️Episode 073 – Recession-Ready Your Independent Consulting Business

In this episode, I share what you can do to prepare for a potential recession or downturn in the economy.

The impact of a recession on your independent consulting business might be the last thing you want to think about, but it’s important to take a critical look at various aspects of your business to ensure it can thrive in an economic downturn.

To help put you in the best possible scenario where you’re actually able to turn a recession into a competitive advantage for yourself, I’m going to share with you several tangible strategies and tips both from my own experience running my consulting business, my coaching business, and also a software business startup during recession times so that you can apply those to your own business. 

Doing the work now will put you and your business in a really good position as we move into uncertain economic times. Press play for more details. 

  • [00:32] Today’s agenda
  • [04:38] Check out the IC Business Recession AssessmentICAssessment.com
  • [06:07] Getting your business recession-ready
  • [06:46] The three practicalities to focus on in your IC business
    • [07:10] Visibility systems for your business financials, pipeline, and receivables 
    • [10:18] Reviewing your business financial health including receivables, cash on hand, and expenses
    • [16:52] Refocusing on your business development
  • [22:31] How to turn a recession into an opportunity for you and your business
  • [30:03] The critical success factor you need to get your business recession-ready and the seven key questions that you can ask yourself to really take the temperature of where you’re at from a mindset perspective and identify your areas of opportunity in this particular critical success factor.
    • 1. How can a downturn/recession be an advantage for you?
    • 2. How can you be more nimble in what you offer & deliver?
    • 3. In what ways can you increase your impact?
    • 4. What do I need to be thinking about to feel more confident and in command?
    • 5. What do I need to stop thinking, that’s creating fear or panic?
    • 6. What is your opportunity to add/adjust to your offerings? (e.g. advisory)
    • 7. How can you stand out as a thought leader by getting in front of this topic?


  • Check out the IC Business Recession AssessmentICAssessment.com
  • Episode 064 – 3 Must-Haves for An Effective Consulting Lead Generation Routine
  • Episode 067 – The Bottom-Up Business Plan for Independent Consultants


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**note: This is an automated transcript, so please ignore spelling errors and grammar mistakes*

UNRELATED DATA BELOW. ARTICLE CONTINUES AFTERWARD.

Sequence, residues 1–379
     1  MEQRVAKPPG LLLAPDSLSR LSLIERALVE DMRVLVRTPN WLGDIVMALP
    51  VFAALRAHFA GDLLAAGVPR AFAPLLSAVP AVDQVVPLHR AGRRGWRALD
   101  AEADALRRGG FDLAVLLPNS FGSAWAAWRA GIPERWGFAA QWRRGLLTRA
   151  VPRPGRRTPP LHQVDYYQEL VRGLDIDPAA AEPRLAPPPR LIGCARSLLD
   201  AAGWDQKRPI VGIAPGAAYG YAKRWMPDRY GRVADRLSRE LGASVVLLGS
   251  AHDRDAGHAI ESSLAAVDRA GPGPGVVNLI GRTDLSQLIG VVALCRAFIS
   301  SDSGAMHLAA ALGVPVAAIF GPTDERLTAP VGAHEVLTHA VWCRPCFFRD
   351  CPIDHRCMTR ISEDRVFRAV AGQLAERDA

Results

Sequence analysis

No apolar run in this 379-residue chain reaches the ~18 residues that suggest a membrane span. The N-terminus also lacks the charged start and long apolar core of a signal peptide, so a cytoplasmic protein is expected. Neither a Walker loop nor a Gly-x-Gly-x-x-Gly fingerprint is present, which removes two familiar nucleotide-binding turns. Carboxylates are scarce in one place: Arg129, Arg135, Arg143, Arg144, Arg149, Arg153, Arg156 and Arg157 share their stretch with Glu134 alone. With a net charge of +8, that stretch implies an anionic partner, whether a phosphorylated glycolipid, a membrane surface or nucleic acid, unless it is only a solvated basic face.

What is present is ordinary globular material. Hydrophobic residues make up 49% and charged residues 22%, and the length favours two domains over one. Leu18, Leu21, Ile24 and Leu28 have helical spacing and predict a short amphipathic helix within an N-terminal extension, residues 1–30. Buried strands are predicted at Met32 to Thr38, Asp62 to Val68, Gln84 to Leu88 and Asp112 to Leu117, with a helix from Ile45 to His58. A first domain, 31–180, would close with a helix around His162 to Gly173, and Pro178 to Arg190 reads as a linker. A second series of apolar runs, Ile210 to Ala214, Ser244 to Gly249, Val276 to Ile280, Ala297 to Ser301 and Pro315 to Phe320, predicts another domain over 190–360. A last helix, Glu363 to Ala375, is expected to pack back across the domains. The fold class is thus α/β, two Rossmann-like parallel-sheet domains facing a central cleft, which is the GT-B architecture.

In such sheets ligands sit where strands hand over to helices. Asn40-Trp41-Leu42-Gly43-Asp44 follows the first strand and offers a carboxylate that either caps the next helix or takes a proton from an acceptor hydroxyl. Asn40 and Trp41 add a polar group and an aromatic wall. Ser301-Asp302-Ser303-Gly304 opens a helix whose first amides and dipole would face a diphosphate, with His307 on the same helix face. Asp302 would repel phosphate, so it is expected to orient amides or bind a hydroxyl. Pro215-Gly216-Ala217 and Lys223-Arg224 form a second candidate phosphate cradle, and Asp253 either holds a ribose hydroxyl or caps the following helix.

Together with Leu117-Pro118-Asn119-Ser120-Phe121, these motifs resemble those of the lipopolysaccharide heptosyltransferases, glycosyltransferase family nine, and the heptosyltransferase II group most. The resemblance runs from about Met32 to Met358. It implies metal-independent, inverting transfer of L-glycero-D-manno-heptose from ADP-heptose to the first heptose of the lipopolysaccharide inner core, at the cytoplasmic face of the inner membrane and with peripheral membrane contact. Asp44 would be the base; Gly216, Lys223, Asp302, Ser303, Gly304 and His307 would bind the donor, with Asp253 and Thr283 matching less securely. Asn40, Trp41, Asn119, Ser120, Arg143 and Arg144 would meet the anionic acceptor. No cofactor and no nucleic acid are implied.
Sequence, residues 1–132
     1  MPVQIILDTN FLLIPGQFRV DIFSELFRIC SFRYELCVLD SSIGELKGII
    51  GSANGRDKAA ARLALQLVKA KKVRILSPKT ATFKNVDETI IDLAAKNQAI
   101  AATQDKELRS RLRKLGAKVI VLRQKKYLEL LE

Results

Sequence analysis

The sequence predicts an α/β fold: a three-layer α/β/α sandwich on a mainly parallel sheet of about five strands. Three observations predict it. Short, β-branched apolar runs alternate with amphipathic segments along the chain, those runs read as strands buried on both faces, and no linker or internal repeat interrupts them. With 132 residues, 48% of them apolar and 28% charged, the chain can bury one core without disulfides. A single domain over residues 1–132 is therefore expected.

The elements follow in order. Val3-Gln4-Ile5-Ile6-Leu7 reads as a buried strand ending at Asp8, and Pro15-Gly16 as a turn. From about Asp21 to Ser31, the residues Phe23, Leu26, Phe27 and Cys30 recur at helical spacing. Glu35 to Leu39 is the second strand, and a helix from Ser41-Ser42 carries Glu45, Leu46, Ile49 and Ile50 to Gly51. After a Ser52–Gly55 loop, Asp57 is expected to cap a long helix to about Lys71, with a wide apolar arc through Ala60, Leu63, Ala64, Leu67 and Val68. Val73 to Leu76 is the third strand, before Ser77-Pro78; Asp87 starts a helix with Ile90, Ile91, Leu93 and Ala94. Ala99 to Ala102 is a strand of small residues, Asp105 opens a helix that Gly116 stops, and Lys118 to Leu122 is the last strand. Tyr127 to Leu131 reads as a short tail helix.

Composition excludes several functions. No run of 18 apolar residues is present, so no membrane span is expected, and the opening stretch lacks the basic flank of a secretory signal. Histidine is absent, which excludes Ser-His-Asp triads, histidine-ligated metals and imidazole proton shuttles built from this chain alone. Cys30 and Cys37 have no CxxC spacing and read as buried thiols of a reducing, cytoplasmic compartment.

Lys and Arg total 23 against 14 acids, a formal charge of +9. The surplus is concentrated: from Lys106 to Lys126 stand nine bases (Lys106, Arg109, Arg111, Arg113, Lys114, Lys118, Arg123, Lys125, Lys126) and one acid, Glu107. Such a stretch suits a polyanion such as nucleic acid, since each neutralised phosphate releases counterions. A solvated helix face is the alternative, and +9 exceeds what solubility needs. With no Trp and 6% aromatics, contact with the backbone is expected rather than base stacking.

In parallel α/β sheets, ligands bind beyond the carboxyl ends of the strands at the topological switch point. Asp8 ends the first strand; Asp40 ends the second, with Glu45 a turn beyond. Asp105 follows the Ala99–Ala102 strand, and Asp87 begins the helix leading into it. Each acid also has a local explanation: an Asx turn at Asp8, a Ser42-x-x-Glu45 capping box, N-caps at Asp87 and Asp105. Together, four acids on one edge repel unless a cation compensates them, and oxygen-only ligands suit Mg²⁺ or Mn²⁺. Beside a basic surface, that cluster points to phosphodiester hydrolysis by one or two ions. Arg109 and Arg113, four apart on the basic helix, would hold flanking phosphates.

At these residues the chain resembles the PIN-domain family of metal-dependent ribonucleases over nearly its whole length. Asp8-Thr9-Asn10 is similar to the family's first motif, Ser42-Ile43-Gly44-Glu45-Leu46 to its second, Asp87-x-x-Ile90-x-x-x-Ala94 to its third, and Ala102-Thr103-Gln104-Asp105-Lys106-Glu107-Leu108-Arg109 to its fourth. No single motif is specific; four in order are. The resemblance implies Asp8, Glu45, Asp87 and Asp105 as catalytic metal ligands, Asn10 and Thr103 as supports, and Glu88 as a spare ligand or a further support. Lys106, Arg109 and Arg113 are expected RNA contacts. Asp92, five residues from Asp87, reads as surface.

Welcome to the podcast. I’m thrilled you’re here, and today we’re going to talk about something that might be on your mind heavily or at least running in the background, which is what’s going to happen, what can I be doing to prepare for a potential recession or downturn, we’re hearing from all the economists or most of the economists that there will most likely be a recession, and or at least a downturn in the economy? And so the question that you may be considering as a business owner is how to prepare for that. So that is what we’re focused on today, how to recession ready your consulting business. And I’m going to share with you a lot of very tangible strategies and tips from my own experience running my consulting business, my coaching business, and a software business startup during recession times. And what I’ve learned from that experience, what I’ve helped clients take away from those experiences, so that you can apply those to your own business. And make sure that you’re just putting yourself into the best possible scenario where you’re able to turn this into it an advantage, a competitive advantage for yourself, versus something that needs to be creating fear or stress and worry. So that’s what we’re going to be focusing on today. Because you’ve been through recessions before, I’m sure, but it may not have been while you’re running your own business. So there’s that added layer of responsibility. And I want to ensure that you’ve got a really good playbook to put in place so that you’re ready to do the work now to put yourself in a really good position as we move into uncertain economic times. So that’s what we’re going to be focusing on today how to recession ready your consulting business. As I mentioned, I’ll be sharing a lot of practical advice with you, along with the critical success factor you might not have thought of, to help you avoid sabotaging yourself in your business. So that is our focus. Let’s talk about the agenda for today. So today’s agenda is focused on recession, recession, and readying your business; I titled it that way on purpose; you may hear many things about recession proofing. I don’t even know what recession-proofing means. But certainly, there’s no magic bullet to avoid the impacts of a recession at a macro level. But certainly, we can make our business ready for a recession and position it so that, as I said, it could turn into an advantage for you versus something you just have to weather. So, let’s discuss the three key areas we will focus on today. The first is I’m going to share with you three different very specific practicalities that you want to focus on double down on in your consulting business so that you can get your house in order; you may be a bit avoiding some of these knowing that you need to do them just generally. And so today, I’ll share with you what those are in three different categories and hopefully give you some motivation to prioritize this work so that you’ve got a stable foundation from which to run your business. You know, when and if rocky times and the economy start, start getting a little bit crazier, right? They are a little bit crazy at the moment. But if we start hitting into a specific recession, so then number two, after we talk about those business practicalities, those three business bracket practicalities, I’m going to share with you specific strategies you can use to turn this recession or this downturn into an opportunity for you and your business. So we’re going to focus on that as the second topic today. And then finally, we’ll wrap up with that, what is that critical